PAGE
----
(Courtesy FinisherPix)
Going into this event I knew that one of the tougher strategic parts would be all about how I pace myself on the bike leg of the race. I know that I can crank out 56 miles pretty quickly, but because this is just one part of a seven hour day it doesn't make sense to blaze through the bike ride only to burn out and have to walk the run. However, you also don't want to hold back so much that you end the run and think, 'hey, I have some left in tank'. It's a challenging balancing act that I've just started to learn. Last year I screamed through the bike course tearing up the pavement averaging something like 21 mph during the first half. I remember the last half of the bike race as being challenging. Especially a couple hills in the last 10 miles. This year I moderated my effort, keeping my wattage pretty even, resulting in an average speed around 16.5 mph. It's not quite as spectacular as cornering a turn at 20 mph, but I finished the bike leg only five minutes slower than last year and unlike last year I finished with enough energy to complete a half marathon immediately afterwards. I also had a slightly different perspective on those hills at the end thanks to Michigan Mountain Mayhem

One of the fun logistical challenges about an endurance event like this is that you have to really plan out what, how, and when you eat. A good portion of training is actually spent in learning what your gut can handle under race-like conditions. On the bike I started out eating peanut butter sandwiches and peanut M&Ms (no joke), then moved to gels and Gatorade toward the end. I brought the sandwiches and M&Ms with me and one expendable hydration bottle. But for the rest I picked up along the way at aid stations.

For me, getting off the bike and starting to run is always an awkward experience for the first few moments. This time, because the transition zone is so long, it wasn't all that awkward. I slapped on a bit more sunscreen, changed shoes, and put on my running hat and took off. The first three miles were tough mentally more than physically. It was hard not to be overwhelmed with the idea of having been out for over 4 hours already and just starting a half marathon run. I tried to focus on reading my body and trying to settle into a good pace and rhythm. I wasn't carrying any hydration or nutrition with me and was relying on the aid stations completely, since I knew they stocked everything I was familiar with and needed. I settled into a pattern where I would walk each aid station while I pick up a water, then either a gel or a Gatorade, then another water for one good sip then splash the rest on my head and take off. The aid stations were spaced out at around 2 miles apart, so the timing worked out pretty well.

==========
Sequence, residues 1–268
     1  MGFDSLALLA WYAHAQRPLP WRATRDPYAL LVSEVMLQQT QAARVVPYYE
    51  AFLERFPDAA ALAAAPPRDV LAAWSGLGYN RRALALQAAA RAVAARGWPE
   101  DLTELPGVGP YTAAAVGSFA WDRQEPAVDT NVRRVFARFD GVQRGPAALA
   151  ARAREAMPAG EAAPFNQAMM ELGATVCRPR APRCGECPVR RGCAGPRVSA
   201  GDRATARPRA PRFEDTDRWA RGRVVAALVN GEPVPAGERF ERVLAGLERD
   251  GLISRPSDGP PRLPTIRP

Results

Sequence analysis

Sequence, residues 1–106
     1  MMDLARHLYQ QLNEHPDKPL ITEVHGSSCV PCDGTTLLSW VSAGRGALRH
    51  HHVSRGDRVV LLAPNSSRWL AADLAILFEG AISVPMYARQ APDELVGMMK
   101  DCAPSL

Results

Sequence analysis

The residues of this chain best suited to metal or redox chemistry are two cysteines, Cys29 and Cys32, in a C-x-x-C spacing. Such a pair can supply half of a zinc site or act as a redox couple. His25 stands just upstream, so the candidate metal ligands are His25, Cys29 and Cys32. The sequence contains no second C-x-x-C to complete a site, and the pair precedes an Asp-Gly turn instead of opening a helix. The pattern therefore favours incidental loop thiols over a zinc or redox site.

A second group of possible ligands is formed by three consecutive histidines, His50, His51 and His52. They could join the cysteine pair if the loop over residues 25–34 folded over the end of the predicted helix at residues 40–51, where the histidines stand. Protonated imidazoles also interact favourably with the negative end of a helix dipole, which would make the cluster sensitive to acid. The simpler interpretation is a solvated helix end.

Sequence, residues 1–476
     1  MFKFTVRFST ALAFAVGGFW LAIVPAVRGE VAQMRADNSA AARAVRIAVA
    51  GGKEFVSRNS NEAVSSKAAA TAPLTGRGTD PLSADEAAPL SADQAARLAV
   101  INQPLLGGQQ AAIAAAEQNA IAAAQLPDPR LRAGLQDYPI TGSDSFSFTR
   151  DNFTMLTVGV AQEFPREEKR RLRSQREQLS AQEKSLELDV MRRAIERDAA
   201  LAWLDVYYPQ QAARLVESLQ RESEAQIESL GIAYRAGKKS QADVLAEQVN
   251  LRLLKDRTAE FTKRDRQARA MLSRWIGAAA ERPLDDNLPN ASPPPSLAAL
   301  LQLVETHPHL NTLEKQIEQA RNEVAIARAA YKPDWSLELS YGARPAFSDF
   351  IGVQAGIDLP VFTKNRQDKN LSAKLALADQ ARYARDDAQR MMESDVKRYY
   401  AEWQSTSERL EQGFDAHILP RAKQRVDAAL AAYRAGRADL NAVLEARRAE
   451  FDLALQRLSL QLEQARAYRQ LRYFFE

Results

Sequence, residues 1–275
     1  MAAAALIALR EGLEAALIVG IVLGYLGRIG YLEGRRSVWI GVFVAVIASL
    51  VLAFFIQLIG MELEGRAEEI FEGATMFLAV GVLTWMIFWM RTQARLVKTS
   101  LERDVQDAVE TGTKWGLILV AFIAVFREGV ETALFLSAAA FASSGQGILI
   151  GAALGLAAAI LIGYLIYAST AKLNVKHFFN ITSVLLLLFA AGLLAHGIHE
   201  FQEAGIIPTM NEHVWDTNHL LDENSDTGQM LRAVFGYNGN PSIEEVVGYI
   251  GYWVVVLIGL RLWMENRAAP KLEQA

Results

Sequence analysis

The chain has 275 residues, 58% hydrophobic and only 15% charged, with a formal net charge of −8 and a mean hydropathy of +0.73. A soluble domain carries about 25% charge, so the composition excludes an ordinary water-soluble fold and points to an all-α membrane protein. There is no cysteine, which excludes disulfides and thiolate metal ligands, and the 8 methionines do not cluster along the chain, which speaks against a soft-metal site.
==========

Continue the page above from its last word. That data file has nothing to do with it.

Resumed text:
At around the 6th mile I got a second wind and went with it, but was careful not to over do it. The pace sped up until around mile 10, where I had my slowest mile. This is when the run got both physically and psychologically difficult. But somehow my brain was able to convince my body that I just had an easy 5k to do, and my body was gullible enough to go along with it.

The run course had two laps, which made things easy for pacing and nutrition. But, as a location, view, and experience it wasn't exactly memorable or noteworthy. Most of it went through the Whirlpool headquarter's campus, so there was a good deal of running through parking lots and around the back sides of buildings near dumpsters and loading docks. Not exactly the same as if it were running along the shore of the lake on the boardwalks between sand dunes, for example. But, I wasn't here for sight seeing, I was here to get something done and I enjoyed the functional aspects of the run course, even if the form was lacking.

Finally, the end! (Courtesy FinisherPix)

1 comment:

  1. That's an awesome finisher pic and one you should be very proud of! You worked hard to complete this race and I am duly impressed with your perseverance. Nice job, Joe!